Beach Litter – Leave nothing but your footprints

Litter & Marine Wildlife

Tobi Carver - 29th July 2020

While shooting a unique sunrise last week TDT photographer Keiran Brimson collected and disposed of several bottles left on the beach. Only the week before he’d had to remove someone’s unwanted pants! 

In this case the drinks bottles were glass. As the majority of glassware is silica-based – the main component of sand – some people may say ‘what’s the big deal once the sea has done its work they’ll be sand again’.

Litter is litter – whatever it is – and should always be disposed of properly.

While the beaches we work on are among some of the cleanest in the country, if not the world, all of our photographers far to often end their morning shoots by disposing of some form of litter.

Where does it come from?

Some is maritime litter. Accidental debris or cargo unintentionally jettisoned from the decks of ships or broken away from fishing gear and floats. On some of my days I’ve collected washed up ‘ghost gear’ – the broken away ropes, plastic floats, even lobsters pots – of the fishing industry and even a broken umbrella!

This is bad enough, but what really gets our goat is the intentional laziness of mankind. I have also collected plenty of plastic and glass bottles, wrappers, broken plastic buckets and spades, used disposable BBQs, “use once and chuck away” surfboards, broken beach tents and windbreaks. Generally on the beaches where a bin is within 100 yards.
Now we know that, to our customers and those of you reading this, we are probably just preaching to the choir but it does rather get on our ***s. Especially as each piece of litter is potentially fatal to the marine wildlife we all enjoy seeing so much.

One thing the coronavirus lockdown has proven is just how much we humans affect the environment with our activities. It also shows how quickly the environment can ‘recover’. Swans and fish returned to the waters of the Venice canals – after just a couple of weeks.

So bear in mind that if we can limit our impact on the environment the environment will reward us with a greater abundance of nature to enjoy.

The dangers:

The danger of litter on the marine wildlife can also be extreme. We’ve all seen the photograph of seals with plastic wrapped around their necks, or sea birds dead after being caught in fishing nets. What you don’t see is the litter which gets into their systems. I don’t mean the limbs of the odd surfer found in a shark’s belly. I mean the small plastic scraps which end up in the stomachs of all manner of marine mammal.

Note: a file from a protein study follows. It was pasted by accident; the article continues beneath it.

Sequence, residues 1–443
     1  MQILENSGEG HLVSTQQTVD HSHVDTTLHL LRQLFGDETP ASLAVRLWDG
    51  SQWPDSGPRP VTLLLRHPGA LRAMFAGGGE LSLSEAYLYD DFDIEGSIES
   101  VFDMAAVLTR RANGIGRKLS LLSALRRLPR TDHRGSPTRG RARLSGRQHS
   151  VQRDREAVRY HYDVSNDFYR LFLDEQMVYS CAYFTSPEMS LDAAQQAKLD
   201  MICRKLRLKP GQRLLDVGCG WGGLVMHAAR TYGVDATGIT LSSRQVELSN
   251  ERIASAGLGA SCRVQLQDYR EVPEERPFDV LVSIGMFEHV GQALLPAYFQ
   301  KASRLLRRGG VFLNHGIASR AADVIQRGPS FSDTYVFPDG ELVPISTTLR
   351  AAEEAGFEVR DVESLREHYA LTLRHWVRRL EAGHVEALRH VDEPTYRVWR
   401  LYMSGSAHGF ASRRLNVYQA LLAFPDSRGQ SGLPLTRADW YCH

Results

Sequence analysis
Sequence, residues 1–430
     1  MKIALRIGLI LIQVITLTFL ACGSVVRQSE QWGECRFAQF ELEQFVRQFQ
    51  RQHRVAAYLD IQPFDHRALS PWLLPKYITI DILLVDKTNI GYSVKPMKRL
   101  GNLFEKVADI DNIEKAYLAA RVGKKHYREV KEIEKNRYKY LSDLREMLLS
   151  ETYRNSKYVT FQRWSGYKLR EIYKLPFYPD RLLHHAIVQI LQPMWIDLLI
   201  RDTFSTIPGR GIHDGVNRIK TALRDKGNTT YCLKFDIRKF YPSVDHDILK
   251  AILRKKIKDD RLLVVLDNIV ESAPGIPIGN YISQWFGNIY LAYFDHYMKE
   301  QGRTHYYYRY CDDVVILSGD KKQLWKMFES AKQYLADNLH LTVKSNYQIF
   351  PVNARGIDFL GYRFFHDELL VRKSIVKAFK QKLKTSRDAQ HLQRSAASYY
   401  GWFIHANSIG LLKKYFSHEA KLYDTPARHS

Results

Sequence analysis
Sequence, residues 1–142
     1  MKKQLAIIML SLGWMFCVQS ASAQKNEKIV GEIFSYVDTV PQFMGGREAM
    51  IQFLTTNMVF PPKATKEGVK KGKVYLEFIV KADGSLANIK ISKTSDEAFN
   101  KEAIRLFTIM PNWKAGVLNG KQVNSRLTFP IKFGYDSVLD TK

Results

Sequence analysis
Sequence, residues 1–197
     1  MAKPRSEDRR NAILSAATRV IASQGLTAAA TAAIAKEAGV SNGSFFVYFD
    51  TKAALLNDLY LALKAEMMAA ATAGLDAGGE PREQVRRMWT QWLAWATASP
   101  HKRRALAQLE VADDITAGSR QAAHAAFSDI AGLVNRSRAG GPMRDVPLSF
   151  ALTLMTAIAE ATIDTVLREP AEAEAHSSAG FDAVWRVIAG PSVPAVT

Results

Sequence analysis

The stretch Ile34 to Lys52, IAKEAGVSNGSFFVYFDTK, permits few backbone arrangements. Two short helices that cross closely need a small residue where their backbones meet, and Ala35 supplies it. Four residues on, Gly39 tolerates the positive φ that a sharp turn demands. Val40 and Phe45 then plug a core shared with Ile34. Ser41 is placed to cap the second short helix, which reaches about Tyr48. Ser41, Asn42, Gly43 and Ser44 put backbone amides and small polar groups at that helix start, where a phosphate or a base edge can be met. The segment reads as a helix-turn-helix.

Being indigestible these scraps will stay in there. For the life of the animal. That life will be reduced due to the toxins released into the body – slowly poisoning the individual – as the stomach attempts to digest that indigestible mass.

So in short: 4 major reasons not to litter: 
  1. Marine mammal safety. 
  2. You’re an idiot if you do. 
  3. It is unpleasant for everyone. 
  4. You’re an idiot if you do.
Beach Cleans: 

Over recent years the growth of Beach Cleans has shown how much litter is on the beaches. These cleans, such as the regular ones run by campaign group Surfers Against Sewage, have been gaining in popularity. All to the good but all of those beach cleaners would much rather they didn’t have to do it.

Studies have also shown how plastic is worked by the sea – just like the rocks and shells. Worked and worked. Reduced and minimalised – but still there. The beach may look clean and litter free but years of plastic pollution are still there. Reduced to ‘micro plastics’ which sit in the sand. These can end up in the gullets of fish and sea birds – and of course your favourite dog or even young child eating the sand while they play on the beach… 

Get involved:

Try and fill a bag next time you’re at the beach, get the kids involved (they may even get a Blue Peter Badge for it). Here are some helpful links to some wonderful organised initiatives: 

Surfers Against Sewage

Marine Conservation Society

Clean Cornwall


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